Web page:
(Christian Courier column, April 2016)
I can’t recall the title, but I clearly remember the first book that awakened me to suffering beyond a bloody nose or schoolyard snub. It was a small blue hard-covered book about the 16th century Spanish siege of Leiden. I sobbed to my mother: “Those poor Dutch people were trapped! They were starving! They ate dogs, cats and rats!” I was just a kid, but I’d discovered empathy.
Books continue to be a God-given opportunity for me to meet, understand and love my neighbour.
The Reason You Walk by Canadian journalist Wab Kinew is the unsentimental account of a father and son relationship inhabited by colonial subjugation. Kinew’s father, Tobasonakwut, endured a litany of horrors at St. Mary’s Indian Residential School. He was given a new name, Peter Kelly. Every aspect of his native culture was demeaned — his appearance, his language, his religion, his traditions. He was strapped for offenses he didn’t understand. He was sexually abused by both men and women, vilified by a nun even as she raped him. He witnessed the beating of his closest friend by white men and ran, in vain, to get help. The nuns insisted later that the boy had died of tuberculosis.
Tobasonakwut’s suffering remained private for much of his life. But the childhood nightmare dogged his marriage, his parenting and his emotional health. Gradually, determined to retrieve his dignity and his cultural heritage, Tobasonakwut achieved a remarkable transformation, becoming a national leader and advocate for his people. In 2009 he travelled to Rome to meet Pope Benedict XVI, offering him a feather as a symbol of reconciliation. Kinew sums up his father’s legacy: “He had grappled with his pain, with his anger, and with his grief. Now, we had seen him conquer those things with love, a love he extended to his fellow human beings, including some who had hurt him.”
Katherine Boo’s book, behind the beautiful forevers, is an expose of life in the seething “undercity” of Mumbai, a sprawling slum beside its elegant airport. Abdul, a Muslim trash picker, one of ten children, is supporting the family because, as he says, his father is a man who is “too sick to sort much garbage, not sick enough to stay off his wife.” Abdul’s beleaguered future is thrown into even greater jeopardy when he is wrongfully accused of murder. We also meet Asha, slumlord by virtue of her body and her political savvy. Her ruthless scamming has but one goal — a college education for her talented daughter. Ironically, her “most-everything girl” ends up despising her, still trapped in Annawadi because of her mother’s fraudulent schemes.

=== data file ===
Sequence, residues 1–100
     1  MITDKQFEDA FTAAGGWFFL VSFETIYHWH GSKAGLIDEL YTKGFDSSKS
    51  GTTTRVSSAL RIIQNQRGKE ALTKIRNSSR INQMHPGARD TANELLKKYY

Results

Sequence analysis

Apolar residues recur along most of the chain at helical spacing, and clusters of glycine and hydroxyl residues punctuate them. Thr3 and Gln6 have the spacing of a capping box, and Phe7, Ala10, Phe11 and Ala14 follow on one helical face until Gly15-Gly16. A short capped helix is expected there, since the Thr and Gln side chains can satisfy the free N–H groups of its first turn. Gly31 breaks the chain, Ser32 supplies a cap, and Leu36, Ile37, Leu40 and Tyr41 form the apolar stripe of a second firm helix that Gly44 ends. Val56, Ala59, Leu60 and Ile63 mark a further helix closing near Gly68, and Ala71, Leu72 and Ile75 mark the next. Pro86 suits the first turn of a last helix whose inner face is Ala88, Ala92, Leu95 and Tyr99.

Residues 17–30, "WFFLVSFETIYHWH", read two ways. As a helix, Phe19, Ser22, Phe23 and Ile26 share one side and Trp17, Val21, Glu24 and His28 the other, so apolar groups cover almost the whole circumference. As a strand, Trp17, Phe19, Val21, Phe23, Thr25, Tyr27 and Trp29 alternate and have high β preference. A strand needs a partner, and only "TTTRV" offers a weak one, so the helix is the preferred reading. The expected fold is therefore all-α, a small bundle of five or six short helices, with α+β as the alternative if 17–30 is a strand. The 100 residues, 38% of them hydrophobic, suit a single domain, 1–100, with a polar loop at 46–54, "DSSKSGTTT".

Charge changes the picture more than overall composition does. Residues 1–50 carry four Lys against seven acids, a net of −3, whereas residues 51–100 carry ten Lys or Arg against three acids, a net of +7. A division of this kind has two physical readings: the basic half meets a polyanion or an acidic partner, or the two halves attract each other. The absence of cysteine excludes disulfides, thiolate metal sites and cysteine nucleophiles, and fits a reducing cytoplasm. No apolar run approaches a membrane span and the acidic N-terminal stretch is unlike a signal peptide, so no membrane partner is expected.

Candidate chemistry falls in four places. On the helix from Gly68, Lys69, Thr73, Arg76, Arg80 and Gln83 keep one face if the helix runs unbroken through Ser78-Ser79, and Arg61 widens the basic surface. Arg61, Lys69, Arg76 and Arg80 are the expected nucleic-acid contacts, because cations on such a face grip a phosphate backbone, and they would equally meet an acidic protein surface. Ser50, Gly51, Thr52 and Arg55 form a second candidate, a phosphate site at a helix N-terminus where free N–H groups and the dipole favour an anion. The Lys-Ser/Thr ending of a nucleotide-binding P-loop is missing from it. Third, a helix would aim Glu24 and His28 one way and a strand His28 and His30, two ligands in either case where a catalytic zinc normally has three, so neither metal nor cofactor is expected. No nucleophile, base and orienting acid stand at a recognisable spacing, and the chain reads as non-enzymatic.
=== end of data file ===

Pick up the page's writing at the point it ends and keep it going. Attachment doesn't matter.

Behind the beautiful forevers is a galling read. Boo demonstrates how brutish economic conditions give birth to morally unconscionable realities: “The poor blame one another for the choices of governments and markets and we who are not poor are ready to blame the poor just as harshly.”
The Illegal is Lawrence Hill’s latest work. Olympic-hopeful Keita Ali, a black marathon runner, grows up in dangerous Zantoroland. His journalist father is murdered for documenting political corruption. With the help of an unscrupulous sports agent, Keita escapes to Freedom State.
As a person with illegal status, Keita becomes enmeshed in complexities. Worse, his sister Charity has been kidnapped in Zantoroland and is being held for ransom. Keita takes huge risks, competing in public races to win the money he needs to free his sister. His terror is compounded as various individuals all want a piece of him — politicians, criminals, reporters and athletic promoters.
The fictional, futuristic setting of The Illegal allows Hill free rein to explore current issues without pinpointing particular countries. But to my mind — perhaps because I read it immediately after the impeccably researched beyond the beautiful forevers – the novel lacks the rigorous believability the subject matter demands. Nonetheless, it’s a gripping story that highlights the difficulties refugees face as they flee oppression.
Each of these books fostered my empathy for those who are different from me. My neighbourhood is expanding; so is yours. Dietrich Bonhoeffer said, “Nothing that we despise in the other man is entirely absent from ourselves. We must learn to regard people less in the light of what they do or don’t do, and more in light of what they suffer.” I have a choice to make. Will I avert my eyes from the suffering of others or will I choose to be a good Samaritan? Educating myself is a step in the right direction.